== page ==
FDA last week launched what it hopes will be a lively public discussion on whether extremely sensitive outcomes measures or very large trials can produce efficacy results that are statistically significant but are too clinically trivial to support approval.
At bottom is the question of whether FDA should make approvals contingent on achieving minimum levels of efficacy. Senior staff say they want the issue aired publicly, but they lean against such a requirement.
Traditionally, FDA has said that in the absence of countervailing safety risks, any significant benefit on a clinical endpoint can serve as the basis for approval. Shifting from that position would have profound implications for drug development.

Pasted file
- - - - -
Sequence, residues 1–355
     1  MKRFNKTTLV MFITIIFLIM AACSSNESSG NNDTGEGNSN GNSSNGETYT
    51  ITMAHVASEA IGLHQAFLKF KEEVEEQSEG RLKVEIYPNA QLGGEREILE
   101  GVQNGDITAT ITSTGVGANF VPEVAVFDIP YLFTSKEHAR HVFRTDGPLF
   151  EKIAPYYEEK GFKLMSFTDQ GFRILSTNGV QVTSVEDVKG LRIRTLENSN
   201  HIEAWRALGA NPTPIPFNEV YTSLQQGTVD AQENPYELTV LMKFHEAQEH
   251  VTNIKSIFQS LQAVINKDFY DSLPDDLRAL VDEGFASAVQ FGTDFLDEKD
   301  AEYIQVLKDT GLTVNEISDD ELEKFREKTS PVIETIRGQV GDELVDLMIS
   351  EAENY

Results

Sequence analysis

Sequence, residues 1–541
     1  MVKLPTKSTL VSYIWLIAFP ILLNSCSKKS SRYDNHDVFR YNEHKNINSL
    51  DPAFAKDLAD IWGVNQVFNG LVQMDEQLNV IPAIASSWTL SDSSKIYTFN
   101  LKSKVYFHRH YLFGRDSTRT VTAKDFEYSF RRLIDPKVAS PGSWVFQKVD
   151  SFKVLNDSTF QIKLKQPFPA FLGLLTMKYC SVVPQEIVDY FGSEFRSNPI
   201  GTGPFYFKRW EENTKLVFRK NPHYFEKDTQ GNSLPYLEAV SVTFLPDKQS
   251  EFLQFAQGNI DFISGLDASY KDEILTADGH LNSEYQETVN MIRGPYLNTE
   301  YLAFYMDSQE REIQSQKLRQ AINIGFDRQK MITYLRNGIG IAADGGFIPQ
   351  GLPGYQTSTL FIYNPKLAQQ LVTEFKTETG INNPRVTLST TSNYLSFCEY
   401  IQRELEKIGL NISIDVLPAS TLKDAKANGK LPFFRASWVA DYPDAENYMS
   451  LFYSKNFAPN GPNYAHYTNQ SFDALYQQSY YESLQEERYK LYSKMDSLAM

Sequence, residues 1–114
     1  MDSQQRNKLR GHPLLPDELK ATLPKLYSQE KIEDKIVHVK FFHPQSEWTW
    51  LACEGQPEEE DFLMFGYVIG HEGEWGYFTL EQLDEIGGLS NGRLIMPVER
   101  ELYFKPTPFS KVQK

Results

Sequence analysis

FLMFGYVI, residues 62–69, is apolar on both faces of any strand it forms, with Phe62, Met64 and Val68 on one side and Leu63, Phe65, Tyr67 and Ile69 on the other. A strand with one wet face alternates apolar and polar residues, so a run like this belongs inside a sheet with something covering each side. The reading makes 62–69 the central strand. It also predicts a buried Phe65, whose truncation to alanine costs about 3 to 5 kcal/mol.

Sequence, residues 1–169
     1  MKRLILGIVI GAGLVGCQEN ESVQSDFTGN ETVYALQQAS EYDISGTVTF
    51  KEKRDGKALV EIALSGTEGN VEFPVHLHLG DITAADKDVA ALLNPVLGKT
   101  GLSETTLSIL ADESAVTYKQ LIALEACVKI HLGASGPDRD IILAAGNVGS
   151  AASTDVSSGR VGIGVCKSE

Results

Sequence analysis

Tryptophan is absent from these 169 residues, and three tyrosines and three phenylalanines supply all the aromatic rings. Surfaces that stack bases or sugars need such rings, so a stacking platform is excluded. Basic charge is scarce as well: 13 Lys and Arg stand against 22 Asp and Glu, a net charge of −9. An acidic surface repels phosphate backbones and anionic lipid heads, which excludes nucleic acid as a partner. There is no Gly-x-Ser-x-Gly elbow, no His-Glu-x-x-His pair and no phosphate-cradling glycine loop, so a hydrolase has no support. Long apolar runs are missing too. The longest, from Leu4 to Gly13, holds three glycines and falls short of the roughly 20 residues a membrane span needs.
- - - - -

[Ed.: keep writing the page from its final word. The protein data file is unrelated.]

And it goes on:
Robert Temple, director of FDA's Office of Medical Policy, gave a presentation entitled "Effect Size - Can the Effect Be Too Small?" during last week's meeting of the Cardiovascular and Renal Drugs Advisory Committee to review Cellegesic nitroglycerin ointment to treat anal fissure pain, from Cellegy Pharmaceuticals Inc. (CLGY, South San Francisco, Calif.) (see "Cellegesic Splits Its Panel," A9).
Norman Stockbridge, the primary reviewer of